Argentina’s Victoria Bustos: “There’s always something to be learned.”

Argentina’s Victoria Bustos: “There is always something to be learned”



By Diego Morilla


Every boxing career spans a wide range between a fighter’s best and worst performance, and Argentina’s Victoria Bustos has already tested the limits of that gap throughout her short but eventful career as a fighter.


Unfortunately for IBF lightweight titlist Bustos, her victory against former title challenger Kimberly Ann Connor on Saturday, March 18th in the city of Vera, Argentina, will be remembered among her least brilliant outings. And yet, “The Lioness,” ever the optimist, sees the opportunity to improve on the back of her razor-thin defense of her IBF lightweight crown.


“The fight was tough, it was a strategic fight against a very good opponent,” said Bustos, minutes before boarding a bus to take a vacation after her win. “She was very strong, truly, and came to fight and take the title from me. But we did our part, we stayed on course. We did a spectacular training camp, and we had a great game plan too: to box, use combinations, work on counterpunching and trying not to be a stationary target at any time because we knew the opponent was taller and rangier. We kept our plan throughout the entire fight.”


Bustos improved to 17-4-0 with her lackluster but fair win, but as it has always been the case with her, she sees the rewards of her work in the future and in the priceless gift of a learning experience in her career.


“There is always something to be learned, but I agree with one of those cards that gave me four or five points,” said Bustos. “From the middle of the fight and onwards I believe I settled myself in the ring, I got a second air. I always feel much better in the second half of my fights. And that’s where I made the difference, which was noticeable in the last two rounds. But even though my opponent got tired towards the end she never ceased to come forward. We could not make any mistakes because I could have paid dearly. We tried to box and pile up points until the end of the fight to make sure we got the nod.”


The taller and much rangier Connor (12-3-2, 5 KO) had her moments during the fight, but for the most part she was unable to produce the kind of performance that wins hearts and minds in judges and observers alike enough to lift a title on foreign soil, conceding Bustos her fourth defense of the crown she lifted in 2013 from Ana Esteche and that she proceeded to defend against Roxana Laborde, Natalia Aguirre and Claudia Lopez.


Bustos was surprisingly comfortable in the weight department for this fight, so much so that she is already pondering an unusual move.


“I am really comfortable with the weight. I was almost half a pound lighter than the division limit, even though I ate normally the day before. And for that, we were thinking with my team that we could drop down to an even lower division,” said Bustos, who made a crude attempt at a jump in weight back in July of 2016 when she moved up to challenge super lightweight titlist Erica Farias. “I could be fighting at super featherweight, which was the division I started in when I was 21. I am 28 now and everything’s different, but as time goes by the body changes. But since I did so well in this fight I would like to try to go down but I need to see whether I can carry my strength too. If it benefits me, I will do it. But the risks are also that if I stay in this division I give up height and reach. (Connor) had about 10 inches on me! They are all tall, and if I go up I will suffer this situation all the time. These girls go up a few pounds after each weigh-in, and I only gain a few ounces. It is a tough decision to make but we’re working on it, especially if there is a title on the line or a big fight. But only time will tell.”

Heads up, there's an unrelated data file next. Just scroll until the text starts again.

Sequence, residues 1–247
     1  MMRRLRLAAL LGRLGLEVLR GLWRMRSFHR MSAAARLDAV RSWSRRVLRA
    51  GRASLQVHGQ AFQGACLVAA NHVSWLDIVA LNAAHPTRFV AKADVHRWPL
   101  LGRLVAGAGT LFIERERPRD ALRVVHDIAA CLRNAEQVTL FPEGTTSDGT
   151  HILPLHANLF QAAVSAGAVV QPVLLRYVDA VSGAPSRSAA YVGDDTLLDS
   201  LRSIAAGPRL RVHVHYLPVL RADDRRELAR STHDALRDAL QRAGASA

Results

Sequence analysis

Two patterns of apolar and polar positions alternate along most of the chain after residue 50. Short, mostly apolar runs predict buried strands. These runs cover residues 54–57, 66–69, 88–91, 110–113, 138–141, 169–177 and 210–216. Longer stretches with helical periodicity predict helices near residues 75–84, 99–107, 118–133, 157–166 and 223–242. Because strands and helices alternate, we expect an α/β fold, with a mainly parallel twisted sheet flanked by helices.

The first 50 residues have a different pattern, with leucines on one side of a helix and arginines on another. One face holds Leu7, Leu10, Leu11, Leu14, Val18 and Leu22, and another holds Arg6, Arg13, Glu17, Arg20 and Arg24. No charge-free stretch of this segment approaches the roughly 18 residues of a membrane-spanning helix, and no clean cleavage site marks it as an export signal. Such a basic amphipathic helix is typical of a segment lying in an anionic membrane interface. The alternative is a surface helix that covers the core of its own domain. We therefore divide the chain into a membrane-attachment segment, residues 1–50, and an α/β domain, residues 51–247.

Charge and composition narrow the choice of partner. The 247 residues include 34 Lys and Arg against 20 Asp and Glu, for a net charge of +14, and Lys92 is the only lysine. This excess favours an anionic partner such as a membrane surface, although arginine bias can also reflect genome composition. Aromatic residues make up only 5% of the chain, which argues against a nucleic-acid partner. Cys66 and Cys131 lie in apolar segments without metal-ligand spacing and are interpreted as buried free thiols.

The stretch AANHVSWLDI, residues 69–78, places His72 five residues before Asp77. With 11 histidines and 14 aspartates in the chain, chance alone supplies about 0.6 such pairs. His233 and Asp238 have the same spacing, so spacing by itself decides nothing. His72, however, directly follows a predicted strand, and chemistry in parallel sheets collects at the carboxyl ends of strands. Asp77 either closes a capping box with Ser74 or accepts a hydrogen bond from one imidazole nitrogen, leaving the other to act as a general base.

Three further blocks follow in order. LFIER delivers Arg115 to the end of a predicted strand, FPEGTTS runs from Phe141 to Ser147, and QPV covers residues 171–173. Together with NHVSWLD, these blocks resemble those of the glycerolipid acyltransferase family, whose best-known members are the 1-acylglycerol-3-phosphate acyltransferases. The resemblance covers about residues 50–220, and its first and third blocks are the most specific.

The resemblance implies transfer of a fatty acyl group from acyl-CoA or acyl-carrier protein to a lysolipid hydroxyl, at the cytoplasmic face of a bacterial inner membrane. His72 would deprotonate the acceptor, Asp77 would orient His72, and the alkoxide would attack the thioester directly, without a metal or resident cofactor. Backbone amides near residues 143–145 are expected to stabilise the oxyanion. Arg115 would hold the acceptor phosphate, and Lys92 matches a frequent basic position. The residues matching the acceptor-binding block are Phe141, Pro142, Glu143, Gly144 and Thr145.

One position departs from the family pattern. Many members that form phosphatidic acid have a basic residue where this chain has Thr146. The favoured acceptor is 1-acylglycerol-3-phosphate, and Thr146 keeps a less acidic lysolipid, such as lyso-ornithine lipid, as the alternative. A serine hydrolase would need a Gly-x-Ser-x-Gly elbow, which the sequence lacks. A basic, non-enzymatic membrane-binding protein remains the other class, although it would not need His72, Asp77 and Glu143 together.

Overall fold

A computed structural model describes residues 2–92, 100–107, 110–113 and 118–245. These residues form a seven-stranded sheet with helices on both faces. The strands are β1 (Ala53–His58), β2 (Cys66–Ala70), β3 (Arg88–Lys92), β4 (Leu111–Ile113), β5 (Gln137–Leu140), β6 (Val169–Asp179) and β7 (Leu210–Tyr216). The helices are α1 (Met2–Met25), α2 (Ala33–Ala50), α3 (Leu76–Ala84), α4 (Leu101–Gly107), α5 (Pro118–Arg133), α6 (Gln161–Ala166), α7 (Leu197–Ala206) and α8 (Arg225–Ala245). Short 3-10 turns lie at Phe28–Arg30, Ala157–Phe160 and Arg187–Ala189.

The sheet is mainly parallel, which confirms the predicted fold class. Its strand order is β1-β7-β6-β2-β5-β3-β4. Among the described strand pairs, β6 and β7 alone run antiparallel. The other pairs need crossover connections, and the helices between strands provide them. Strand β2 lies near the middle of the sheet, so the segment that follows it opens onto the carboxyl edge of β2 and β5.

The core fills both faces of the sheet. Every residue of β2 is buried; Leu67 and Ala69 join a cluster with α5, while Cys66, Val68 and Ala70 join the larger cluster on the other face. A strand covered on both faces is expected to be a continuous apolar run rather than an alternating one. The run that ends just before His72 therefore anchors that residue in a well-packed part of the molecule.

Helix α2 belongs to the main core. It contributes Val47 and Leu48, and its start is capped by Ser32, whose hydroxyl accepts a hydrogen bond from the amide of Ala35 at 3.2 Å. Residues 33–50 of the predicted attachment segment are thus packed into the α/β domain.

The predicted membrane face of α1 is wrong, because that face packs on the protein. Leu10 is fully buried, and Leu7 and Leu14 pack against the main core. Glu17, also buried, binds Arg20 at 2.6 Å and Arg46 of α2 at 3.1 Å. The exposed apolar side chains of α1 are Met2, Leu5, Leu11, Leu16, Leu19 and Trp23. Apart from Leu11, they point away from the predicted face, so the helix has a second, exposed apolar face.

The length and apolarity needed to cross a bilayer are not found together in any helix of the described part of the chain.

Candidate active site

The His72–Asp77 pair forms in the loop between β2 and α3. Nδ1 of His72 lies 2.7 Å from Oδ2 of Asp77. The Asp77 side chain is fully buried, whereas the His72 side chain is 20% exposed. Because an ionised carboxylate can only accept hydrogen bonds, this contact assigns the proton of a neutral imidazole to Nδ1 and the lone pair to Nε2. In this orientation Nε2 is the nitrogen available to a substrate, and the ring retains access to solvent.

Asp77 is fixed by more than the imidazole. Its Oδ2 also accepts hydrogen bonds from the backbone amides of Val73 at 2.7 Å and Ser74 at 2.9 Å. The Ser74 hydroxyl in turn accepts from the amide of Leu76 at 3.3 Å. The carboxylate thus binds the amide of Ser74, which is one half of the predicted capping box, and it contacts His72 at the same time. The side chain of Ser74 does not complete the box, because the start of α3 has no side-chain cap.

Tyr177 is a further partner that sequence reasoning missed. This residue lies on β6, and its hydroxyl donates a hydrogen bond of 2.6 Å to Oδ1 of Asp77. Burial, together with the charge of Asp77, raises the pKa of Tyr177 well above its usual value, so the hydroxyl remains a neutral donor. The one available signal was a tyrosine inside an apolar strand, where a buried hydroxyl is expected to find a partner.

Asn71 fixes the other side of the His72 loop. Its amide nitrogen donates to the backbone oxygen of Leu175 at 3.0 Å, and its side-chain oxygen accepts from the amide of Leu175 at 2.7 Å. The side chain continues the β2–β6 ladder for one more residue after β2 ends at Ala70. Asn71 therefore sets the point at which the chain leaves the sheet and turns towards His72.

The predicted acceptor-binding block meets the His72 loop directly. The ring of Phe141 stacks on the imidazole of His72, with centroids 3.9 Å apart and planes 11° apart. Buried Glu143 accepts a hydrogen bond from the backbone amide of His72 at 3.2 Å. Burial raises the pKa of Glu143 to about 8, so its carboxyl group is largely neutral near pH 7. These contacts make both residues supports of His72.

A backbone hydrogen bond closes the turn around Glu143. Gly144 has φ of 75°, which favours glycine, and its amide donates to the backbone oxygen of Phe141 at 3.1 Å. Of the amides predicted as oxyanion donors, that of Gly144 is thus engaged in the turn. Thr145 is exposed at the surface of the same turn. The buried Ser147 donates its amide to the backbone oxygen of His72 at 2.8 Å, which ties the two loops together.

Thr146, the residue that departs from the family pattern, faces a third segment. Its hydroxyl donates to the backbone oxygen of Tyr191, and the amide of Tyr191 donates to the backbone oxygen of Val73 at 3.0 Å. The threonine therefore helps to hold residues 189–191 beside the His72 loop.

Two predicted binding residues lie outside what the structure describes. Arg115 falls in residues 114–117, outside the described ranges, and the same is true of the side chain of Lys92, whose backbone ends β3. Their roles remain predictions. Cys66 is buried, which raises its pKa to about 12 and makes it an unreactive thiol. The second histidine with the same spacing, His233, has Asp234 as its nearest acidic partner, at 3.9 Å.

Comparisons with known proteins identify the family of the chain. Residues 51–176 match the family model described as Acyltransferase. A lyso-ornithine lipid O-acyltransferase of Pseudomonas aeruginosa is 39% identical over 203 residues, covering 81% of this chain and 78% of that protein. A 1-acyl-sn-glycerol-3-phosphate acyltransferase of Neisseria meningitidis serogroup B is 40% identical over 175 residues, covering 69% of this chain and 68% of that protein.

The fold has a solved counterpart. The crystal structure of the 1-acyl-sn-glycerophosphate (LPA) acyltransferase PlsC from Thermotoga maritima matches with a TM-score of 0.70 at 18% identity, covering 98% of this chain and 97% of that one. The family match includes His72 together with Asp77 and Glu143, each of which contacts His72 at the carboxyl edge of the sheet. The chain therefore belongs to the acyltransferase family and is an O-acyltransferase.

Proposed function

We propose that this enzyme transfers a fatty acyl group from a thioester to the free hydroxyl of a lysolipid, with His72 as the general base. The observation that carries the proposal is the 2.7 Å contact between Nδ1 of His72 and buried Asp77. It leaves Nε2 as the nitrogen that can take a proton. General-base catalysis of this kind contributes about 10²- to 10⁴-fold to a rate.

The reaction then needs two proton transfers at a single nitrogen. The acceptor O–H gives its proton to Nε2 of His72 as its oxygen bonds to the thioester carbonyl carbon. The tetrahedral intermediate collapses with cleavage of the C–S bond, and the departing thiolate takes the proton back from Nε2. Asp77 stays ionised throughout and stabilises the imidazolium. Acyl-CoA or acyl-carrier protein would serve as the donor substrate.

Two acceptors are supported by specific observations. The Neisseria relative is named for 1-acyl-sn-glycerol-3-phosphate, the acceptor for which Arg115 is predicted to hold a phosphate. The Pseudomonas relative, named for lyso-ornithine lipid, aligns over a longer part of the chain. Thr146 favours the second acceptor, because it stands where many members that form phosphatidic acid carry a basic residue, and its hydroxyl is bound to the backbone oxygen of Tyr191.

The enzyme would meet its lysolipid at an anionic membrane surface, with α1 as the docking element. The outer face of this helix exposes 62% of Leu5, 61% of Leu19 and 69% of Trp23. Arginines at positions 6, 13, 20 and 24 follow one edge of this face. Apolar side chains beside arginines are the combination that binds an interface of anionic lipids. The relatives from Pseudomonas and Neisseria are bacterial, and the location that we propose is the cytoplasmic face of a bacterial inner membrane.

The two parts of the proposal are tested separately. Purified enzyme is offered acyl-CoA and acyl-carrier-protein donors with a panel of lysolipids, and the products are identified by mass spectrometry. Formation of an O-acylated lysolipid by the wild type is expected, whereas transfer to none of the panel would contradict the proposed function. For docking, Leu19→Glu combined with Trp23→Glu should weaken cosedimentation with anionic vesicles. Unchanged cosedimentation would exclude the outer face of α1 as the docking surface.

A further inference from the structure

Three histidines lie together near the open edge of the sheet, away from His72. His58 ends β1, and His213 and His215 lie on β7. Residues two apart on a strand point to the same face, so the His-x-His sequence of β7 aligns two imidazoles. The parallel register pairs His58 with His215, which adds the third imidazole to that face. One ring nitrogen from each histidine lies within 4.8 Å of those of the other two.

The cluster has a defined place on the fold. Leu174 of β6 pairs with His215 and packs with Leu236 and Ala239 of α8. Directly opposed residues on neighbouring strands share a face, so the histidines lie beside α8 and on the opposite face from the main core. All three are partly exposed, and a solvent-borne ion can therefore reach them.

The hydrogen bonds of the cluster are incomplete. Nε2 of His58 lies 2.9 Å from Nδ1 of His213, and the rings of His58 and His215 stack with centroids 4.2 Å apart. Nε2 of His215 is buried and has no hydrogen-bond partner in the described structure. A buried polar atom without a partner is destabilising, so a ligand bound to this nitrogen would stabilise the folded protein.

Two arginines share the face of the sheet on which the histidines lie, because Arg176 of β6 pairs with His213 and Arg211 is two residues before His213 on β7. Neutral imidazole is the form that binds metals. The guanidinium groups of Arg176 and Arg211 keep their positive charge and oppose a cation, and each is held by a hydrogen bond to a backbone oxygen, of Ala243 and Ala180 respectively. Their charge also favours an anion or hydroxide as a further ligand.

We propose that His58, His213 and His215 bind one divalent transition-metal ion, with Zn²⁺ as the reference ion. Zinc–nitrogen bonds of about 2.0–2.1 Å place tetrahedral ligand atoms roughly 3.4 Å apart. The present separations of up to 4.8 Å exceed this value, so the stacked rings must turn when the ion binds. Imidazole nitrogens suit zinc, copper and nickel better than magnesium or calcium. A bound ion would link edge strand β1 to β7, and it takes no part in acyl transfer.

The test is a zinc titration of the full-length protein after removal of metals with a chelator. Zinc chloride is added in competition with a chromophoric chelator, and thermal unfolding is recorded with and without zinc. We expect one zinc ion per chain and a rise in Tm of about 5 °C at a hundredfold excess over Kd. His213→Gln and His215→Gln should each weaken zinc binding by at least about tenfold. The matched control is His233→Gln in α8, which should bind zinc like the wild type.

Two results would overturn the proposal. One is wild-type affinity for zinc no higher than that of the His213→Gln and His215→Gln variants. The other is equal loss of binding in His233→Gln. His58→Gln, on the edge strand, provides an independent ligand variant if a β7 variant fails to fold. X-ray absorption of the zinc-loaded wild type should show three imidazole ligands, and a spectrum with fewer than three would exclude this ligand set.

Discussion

Whatever she may end up doing, confidence is the only thing Bustos will never lack, having famously faced the already awesome Erica Farias barely one year into her pro career in her sixth pro outing, and then beating the suddenly hot Ana Esteche in her 11thbout to win her first belt. And now that Farias is getting ready to face pound-for-pound queen Cecilia Braekhus, and Esteche is a unified titlist two divisions above hers, the stakes are high for Bustos to show she is definitely at their level – or more.


“Honestly, I would love to get another title,” said Bustos, regarding her goals for the rest of the year. “I would love that. Because I am now more experienced, I have a terrific team now, and I am more settled and confident. I would love to challenge Ana Laura Esteche, an opponent I defeated already for a title but she is now a triple unified champ in a higher division. We need to evaluate this because we need to see whether I can go that higher. I believe I can win again because our first fight was the Fight of the Year in Argentina, and it was only my 11th fight. I believe we had a great fight, and after that I beat some other girls who became champions, like Claudia Lopez and Yohanna Alfonzo. I believe I have defeated the best in Argentina. And that gives you strength and confidence.”


And even though she has not yet fought outside of her native country, the current explosion of extraordinary female fighters like Katie Taylor, Claressa Shields, Marlen Esparza and others may create opportunities that were not available before, and Bustos is ready to take advantage of them.


“Yes, I am very hopeful now that the level of female boxing is on the rise. I believe nothing stop us, even though nowadays it is not possible to make a living out of this sport,” said Bustos, who currently works at a printing facility to supplement her income. “But I am hopeful that it will happen. I hope all this attention brings more resources to the sport, because we’ve grown slowly but surely, and it’s time to reap the rewards of our work already.”


(Photo by Ramon Cairo)